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Microsoft hosts inaugural Hopper Local Dublin2019 March 19

On Wednesday the 27th of February, Microsoft Ireland hosted the inaugural Hopper Local Dublin. Modeled after the Grace Hopper Celebration (GHC), this one-day event encouraged Ireland’s technology leaders to join forces to support the inclusion of women in the sector and 

to put a spotlight on the importance of women holding positions of leadership and influence in technology. The event sponsors included Microsoft, Google, Facebook, Stripe, Science Foundation Ireland and SAP.

The conference was split into panels addressing diversity in the technology sector with a focus on software engineering, cybersecurity, data science, AI, and inclusive design. There was also a Careers & Future of Work session and a Maker Workshop along with ample  networking opportunities. 

The event was attended by Paula Roberts, Assistant Professor from the School of Computer Science and Statistics together with Sinead McAleer and Ekterina Lait , JS Computer Science and Business students who were nominated to attend. All pictured above.

Sinead and Ekterina both spoke to us about the experience:

"It was a great honour to get the opportunity to attend the first Anita Grace Hopper event to be held outside of the United States. This event calls on the entire technological community to question "What would life be like if technology had a workforce that was 50% male and 50% female." 25 years ago, technologist Anita Borg spoke at the first ever Grace Hopper event in Washington. She challenged the audience, made up of professional computer scientists and engineers, to share a collective goal of making the technical workforce "50/50 by 2020." Since then, the conversation has continued and through decades of technical innovation and progress - this is still a problem that computer scientists are yet to solve.

During the event, there was a large focus on how giving minorities a seat at the table in technology is a win-win-win. Primarily, hiring diversely and equitably should be a top priority for technology employers. Secondly, more inclusion of minorities in development leads to better and more accurate technology.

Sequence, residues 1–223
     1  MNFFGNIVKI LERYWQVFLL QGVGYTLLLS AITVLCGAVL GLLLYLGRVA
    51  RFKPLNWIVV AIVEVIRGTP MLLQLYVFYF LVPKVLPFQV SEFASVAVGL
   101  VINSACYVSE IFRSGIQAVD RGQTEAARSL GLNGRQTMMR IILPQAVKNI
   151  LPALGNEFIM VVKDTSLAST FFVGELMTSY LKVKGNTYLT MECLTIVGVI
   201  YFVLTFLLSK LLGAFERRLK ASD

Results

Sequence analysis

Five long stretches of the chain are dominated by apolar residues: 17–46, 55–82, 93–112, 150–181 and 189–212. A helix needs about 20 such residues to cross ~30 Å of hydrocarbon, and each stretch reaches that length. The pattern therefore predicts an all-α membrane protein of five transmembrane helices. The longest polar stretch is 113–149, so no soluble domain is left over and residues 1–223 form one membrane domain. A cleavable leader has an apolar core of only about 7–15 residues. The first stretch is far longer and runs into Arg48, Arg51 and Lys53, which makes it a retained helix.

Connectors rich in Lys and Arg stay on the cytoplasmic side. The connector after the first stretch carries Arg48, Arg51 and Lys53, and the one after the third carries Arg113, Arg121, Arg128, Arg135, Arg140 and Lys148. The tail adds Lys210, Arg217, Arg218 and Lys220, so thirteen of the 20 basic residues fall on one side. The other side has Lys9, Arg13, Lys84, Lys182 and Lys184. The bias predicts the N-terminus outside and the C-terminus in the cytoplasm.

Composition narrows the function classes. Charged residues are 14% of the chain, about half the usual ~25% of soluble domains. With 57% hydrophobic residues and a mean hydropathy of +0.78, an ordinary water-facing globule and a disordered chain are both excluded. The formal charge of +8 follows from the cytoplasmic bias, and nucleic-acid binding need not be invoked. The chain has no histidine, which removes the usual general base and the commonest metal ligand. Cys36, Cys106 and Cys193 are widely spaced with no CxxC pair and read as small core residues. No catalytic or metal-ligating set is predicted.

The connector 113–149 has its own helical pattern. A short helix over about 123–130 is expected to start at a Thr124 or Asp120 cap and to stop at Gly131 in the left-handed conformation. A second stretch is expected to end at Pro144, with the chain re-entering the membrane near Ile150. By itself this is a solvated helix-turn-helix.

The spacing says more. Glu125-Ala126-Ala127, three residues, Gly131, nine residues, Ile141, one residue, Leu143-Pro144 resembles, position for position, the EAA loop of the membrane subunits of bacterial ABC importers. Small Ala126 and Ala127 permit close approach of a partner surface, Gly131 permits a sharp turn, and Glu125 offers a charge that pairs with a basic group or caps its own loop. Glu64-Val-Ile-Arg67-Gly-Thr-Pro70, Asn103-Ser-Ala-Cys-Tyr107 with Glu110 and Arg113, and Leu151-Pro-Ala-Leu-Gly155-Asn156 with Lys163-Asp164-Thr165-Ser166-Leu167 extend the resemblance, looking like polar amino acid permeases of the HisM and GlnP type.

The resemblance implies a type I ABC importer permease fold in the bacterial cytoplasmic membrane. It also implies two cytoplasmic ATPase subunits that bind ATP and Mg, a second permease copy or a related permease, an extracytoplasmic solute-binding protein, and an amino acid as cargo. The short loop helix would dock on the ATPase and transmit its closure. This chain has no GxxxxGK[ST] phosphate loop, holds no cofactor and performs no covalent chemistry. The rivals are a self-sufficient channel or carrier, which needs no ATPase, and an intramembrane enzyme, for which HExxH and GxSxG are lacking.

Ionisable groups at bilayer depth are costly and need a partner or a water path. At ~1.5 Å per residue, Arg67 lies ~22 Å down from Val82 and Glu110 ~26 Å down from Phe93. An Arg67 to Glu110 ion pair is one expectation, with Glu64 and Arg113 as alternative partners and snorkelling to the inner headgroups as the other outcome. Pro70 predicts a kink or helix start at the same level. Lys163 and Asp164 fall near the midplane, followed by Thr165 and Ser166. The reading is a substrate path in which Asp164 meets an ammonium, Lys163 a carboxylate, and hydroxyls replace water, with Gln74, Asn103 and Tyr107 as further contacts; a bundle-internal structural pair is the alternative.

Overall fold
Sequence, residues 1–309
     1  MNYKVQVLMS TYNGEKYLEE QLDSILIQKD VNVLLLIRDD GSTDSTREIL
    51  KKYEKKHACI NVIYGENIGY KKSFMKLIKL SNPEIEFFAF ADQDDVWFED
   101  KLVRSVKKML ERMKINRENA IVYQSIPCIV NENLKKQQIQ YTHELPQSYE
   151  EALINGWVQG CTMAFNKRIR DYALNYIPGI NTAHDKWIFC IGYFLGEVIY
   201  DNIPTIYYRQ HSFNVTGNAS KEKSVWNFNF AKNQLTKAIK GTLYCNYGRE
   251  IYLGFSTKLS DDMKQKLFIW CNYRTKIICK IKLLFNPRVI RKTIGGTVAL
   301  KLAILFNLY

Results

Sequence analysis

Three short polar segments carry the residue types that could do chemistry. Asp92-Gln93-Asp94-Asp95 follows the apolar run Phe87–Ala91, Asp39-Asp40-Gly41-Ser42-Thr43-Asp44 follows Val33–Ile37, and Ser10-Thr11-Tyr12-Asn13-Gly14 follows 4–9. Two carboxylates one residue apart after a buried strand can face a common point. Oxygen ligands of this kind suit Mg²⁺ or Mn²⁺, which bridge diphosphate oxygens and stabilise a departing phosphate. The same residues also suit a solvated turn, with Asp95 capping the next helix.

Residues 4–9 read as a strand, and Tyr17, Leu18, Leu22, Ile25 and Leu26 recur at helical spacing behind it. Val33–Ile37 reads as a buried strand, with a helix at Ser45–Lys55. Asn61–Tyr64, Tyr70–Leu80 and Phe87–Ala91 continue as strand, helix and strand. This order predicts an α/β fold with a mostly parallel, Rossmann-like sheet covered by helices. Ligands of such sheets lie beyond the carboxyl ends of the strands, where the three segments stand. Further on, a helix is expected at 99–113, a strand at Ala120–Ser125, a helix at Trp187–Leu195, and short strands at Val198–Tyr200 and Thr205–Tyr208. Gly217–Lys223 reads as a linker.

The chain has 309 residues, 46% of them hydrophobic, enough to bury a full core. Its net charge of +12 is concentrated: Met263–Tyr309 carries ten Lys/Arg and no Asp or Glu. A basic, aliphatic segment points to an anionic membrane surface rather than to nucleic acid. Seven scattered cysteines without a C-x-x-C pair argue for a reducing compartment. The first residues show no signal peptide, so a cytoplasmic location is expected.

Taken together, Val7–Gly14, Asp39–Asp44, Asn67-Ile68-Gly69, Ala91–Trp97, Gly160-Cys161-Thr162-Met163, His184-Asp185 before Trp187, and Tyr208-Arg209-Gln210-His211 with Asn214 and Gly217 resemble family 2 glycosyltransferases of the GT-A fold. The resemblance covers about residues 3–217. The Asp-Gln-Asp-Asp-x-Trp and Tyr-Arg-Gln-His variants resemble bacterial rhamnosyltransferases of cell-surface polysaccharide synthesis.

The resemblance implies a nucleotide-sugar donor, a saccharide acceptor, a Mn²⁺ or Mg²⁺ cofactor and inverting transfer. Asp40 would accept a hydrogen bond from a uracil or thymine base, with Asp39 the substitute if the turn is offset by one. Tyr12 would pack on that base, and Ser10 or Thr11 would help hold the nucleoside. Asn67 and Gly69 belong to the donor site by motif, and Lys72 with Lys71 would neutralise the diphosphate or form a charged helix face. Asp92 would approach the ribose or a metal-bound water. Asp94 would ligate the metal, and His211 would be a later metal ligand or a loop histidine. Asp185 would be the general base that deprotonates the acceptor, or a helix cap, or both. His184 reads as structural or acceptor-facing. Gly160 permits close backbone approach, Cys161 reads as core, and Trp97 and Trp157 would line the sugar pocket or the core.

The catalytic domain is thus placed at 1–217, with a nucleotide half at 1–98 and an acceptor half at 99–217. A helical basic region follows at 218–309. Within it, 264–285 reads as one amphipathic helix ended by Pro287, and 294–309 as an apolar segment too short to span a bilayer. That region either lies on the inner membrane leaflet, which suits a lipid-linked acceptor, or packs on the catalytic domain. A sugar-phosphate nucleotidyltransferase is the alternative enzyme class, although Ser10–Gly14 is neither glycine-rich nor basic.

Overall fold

Additionally, from a business case perspective, teams with more variety of background, expertise and outlooks generate higher quality solutions at a quicker pace. Overall, everyone wins when the technical workforce becomes more diverse".  Sinead McAleer

 "It was an absolute pleasure to have had the opportunity to attend such a wonderful event. The Ainta Hopper Local was eye-opening and illuminating not only because of the phenomenal speakers but because of the conversation that went on in between.

The Hopper Local was a platform for me to meet and network with women across industries and from countries that would not have been possible in any other environment. It brought home to me the importance of events like these for women within the tech industry which, to this day, is nowhere near a 50-50 male to female split. This sentiment was echoed throughout the day but held particular gravity during the Careers & the Future of Work talk. During this, the panellists talked in detail of the struggles they encountered and the journeys that brought them to where they are today.

Each and every one emphasised the need for women to mentor one another within the workplace and to push each other to do things they are capable of, albeit afraid to do. I went away from the event inspired to push forward with my ambitions and to "say yes to anything, even if I am scared to, I will just say yes".  Ekterina Lait

Paula Roberts added, “This immersive event brings women technologists at all levels together, along with members from industry, leading companies, academia, and research, to build relationships, learn and advance their careers. Tickets were expensive and limited and so I was delighted to be invited by Microsoft not only to attend this inaugural event but also to nominate Ekaterina and Sinead for student tickets”.

More about the event here


Posted by:  Catherine O'Connor, Head of External Relations, School of Computer Science and Statistics, Trinity College Dublin

catherine.oconnor at